A nuclear waste repository not only has the responsibility to contain radioactivity, but it has to do so for tens of thousands—even millions—of years. The design of such a facility needs to allow the repository to do its job with as little disturbance to the outside world as possible. The bunkers of these sites are an enormous undertaking.
This Valentine's Day, a puff of radioactive contamination escaped a salt mine that is now the Nuclear Waste Isolation Pilot Plant in New Mexico. A series of automatic triggers were quickly set into action to isolate the contaminated air, yet there's worry that a small wisp may have been released into the community. Officials say that "the quantities released are far below the levels at which the Environmental Protection Agency would recommend any action." Yet given that this took place while the repository was still operational, what's to say that such facilities will be able to withstand even a fraction of the radioactive half-life they have waiting for them?
Through the tunnels of the New Mexico mine. Image via New York Times.
The design of a typical nuclear repository follows a strict trajectory: The waste is taken to a series of underground storage chambers fortified with engineered barriers at least 300 meters below ground. The geologic environment of the site needs to be stable, and there must be no exposure to groundwater. Salt mines are a popular residence since salt is not only a "stable" mineral but also "plastic"; that is, it shifts a few inches every year, potentially sealing up the waste all by itself with this "salt creep." Other sites are set in minerals such as granite, clay, limestone, and ignimbrite. At the end of the day though, these facilities are essentially fancy holes in the ground; in their final moments, the canisters are bulldozed into a giant pile at the bottom of a pit.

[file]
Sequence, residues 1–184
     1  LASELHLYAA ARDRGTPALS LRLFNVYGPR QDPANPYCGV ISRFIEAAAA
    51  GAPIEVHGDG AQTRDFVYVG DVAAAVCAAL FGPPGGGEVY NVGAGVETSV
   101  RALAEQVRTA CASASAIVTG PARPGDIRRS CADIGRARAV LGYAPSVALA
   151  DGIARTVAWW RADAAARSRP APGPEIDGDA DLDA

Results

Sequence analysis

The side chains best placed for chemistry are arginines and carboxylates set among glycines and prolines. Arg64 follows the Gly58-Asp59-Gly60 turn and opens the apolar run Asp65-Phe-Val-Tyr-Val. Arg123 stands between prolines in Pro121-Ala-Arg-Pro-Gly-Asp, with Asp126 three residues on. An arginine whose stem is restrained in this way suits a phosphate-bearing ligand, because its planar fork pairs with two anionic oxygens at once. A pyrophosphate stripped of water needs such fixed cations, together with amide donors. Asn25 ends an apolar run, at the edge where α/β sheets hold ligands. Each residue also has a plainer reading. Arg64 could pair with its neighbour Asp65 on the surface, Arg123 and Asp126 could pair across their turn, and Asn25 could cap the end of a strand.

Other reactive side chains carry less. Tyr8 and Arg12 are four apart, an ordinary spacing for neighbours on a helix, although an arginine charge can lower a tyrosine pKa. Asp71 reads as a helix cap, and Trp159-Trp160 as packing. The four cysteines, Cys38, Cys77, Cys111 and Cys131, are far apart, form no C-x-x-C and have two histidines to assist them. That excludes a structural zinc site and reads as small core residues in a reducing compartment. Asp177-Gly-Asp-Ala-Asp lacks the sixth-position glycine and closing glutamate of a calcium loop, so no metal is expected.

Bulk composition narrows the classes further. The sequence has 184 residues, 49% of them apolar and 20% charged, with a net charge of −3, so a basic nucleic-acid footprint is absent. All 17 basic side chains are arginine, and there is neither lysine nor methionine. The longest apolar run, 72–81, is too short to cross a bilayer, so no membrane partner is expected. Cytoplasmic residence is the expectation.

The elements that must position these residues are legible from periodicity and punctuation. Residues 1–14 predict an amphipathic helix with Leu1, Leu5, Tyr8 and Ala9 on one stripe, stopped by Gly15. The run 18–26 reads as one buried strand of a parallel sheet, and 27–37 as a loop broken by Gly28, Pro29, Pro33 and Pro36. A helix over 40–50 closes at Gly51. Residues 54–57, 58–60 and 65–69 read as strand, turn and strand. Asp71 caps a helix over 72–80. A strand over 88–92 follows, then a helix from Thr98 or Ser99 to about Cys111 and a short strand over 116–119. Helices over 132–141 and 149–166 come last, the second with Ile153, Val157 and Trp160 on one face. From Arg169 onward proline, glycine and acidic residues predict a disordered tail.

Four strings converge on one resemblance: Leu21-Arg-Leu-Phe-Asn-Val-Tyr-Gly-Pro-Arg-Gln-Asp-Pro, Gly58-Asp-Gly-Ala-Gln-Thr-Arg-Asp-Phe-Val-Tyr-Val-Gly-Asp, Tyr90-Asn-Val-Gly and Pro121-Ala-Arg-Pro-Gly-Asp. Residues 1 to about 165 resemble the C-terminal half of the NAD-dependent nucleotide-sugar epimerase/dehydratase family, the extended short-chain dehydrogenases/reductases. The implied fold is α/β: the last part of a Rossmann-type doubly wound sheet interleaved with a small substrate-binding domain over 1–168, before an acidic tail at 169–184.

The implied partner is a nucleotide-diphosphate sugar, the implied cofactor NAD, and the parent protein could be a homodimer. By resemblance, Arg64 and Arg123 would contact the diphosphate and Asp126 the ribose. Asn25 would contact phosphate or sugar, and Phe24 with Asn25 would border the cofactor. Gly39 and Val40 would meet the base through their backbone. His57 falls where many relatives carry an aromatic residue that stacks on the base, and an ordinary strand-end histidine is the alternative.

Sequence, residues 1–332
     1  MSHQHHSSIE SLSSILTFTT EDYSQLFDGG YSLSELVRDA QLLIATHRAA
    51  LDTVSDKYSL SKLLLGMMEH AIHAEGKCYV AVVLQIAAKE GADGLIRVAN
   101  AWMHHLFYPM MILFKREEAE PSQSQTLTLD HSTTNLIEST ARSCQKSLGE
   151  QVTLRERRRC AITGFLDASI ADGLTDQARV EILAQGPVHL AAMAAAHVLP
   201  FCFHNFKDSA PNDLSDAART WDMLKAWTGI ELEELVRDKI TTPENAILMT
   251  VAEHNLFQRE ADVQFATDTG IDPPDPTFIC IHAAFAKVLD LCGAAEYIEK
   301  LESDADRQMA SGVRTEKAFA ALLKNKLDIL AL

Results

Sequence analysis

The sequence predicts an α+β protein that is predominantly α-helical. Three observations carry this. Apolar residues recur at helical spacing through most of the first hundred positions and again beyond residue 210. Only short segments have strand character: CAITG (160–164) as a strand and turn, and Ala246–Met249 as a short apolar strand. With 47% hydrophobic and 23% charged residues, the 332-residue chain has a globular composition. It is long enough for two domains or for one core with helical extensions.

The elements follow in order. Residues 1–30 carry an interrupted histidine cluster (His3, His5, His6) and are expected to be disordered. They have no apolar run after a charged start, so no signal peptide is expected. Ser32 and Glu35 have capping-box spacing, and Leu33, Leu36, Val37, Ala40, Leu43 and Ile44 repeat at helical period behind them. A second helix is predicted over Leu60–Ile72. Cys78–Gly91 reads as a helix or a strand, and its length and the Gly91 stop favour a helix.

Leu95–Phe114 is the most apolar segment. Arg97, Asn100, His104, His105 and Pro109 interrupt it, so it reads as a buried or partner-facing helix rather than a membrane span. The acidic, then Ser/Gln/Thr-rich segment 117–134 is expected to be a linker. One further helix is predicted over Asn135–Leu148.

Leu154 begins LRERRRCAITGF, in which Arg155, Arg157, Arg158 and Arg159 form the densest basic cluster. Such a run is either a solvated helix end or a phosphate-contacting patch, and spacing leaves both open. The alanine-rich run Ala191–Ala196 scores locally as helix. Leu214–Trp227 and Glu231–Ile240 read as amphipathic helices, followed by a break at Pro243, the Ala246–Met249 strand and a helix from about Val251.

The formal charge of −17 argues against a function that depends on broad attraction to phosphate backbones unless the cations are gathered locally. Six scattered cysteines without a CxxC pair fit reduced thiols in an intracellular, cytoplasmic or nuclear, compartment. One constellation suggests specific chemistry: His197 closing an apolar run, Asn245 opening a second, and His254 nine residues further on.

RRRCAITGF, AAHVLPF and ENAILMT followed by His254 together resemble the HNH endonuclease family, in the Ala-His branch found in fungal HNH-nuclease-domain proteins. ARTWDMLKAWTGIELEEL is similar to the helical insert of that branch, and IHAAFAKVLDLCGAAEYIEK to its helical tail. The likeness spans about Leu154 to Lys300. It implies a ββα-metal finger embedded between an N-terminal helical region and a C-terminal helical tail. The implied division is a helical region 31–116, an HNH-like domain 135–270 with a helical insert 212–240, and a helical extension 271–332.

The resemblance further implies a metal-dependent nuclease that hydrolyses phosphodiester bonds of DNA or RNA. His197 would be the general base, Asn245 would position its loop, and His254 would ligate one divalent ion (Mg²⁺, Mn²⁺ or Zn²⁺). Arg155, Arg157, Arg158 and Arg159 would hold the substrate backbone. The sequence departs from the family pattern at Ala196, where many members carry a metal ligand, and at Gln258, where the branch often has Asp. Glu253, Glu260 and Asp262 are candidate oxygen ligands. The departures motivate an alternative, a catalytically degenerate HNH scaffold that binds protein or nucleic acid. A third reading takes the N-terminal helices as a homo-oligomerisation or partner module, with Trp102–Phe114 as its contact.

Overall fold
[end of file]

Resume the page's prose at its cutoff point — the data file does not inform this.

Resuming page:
Spent nuclear rods at the Hansford site in Washington are stored uncapped underwater, since the US has no large-scale high-level repository location. Image via Wikimedia Commons.
However, these cannot be just any canisters in any repository. Nuclear waste is classified on a scale from low-level to high-level, depending on how long its half-life is. Low-level waste consists of mainly water and used equipment, while high-level includes spent uranium fuel rods. Currently, repositories are only capable of handling low and medium levels of waste, and there are no facilities for the storage of high levels.
Image via Wikimedia Commons.
Waste Isolation Pilot Plant
This site is used for the disposal of low- to medium-level waste that comes from the production and research of nuclear weapons around the country. The repository at the old salt mine has been in operation for the past 15 years, burying waste into a now evaporated sea under the desert. Once a certain threshold has been reached, the plan is to collapse and seal the storage caverns with 13 layers of concrete and soil. Salt will naturally seep into the cracks of the mass. In 75 years, the waste will supposedly be totally isolated.
Seeing as there would still be a few (thousand) years before it would even reach it's half-life, the facility is also developing a graphic warning system with the help of linguists, anthropologists, materials scientists, science-fiction writers, and futurists. The plan is to eventually etch these designs into granite pillars that will be installed around the facility.
Yucca Mountains. Image via Wikimedia Commons.
The proposed design for the Yucca Mountain Repository. Image via Wikimedia Commons.
Yucca Mountain Nuclear Waster Repository, Nye County, Nevada, USA
Currently the US has no long-term storage site for high-level radioactive waste, so it is often just stored on site after use. Looking for a solution to this obvious problem, experts chose Yucca Mountain as a site for a future deep geological repository, as a large part of the formation consists of tuff—a natural barrier to radiation. However, in 2010, funding was pulled under the Obama administration and plans for this site were abandoned, claiming that this was due to political reasons, not technical. Concerns had been raised by many in Nevada, seeing as the formation was already riddled with fractures and that the state ranks fourth in seismic activity in the US.
Images via Speigel.
Schacht Asse II, Lower Saxony, Germany
This abandoned salt mine was used up until the '70s as a repository for low- and medium-level radioactive material, including toxic uranium, rhodium, and plutonium. More than 100,000 barrels are stored over 13 chambers in the deepest corners of the mine. In 2008 it was uncovered that radioactive water was leaking from the mine and started what was the largest environmental panic in postwar-Germany. There is talk of having to remove and relocate barrels to a new location.
Images via BFS.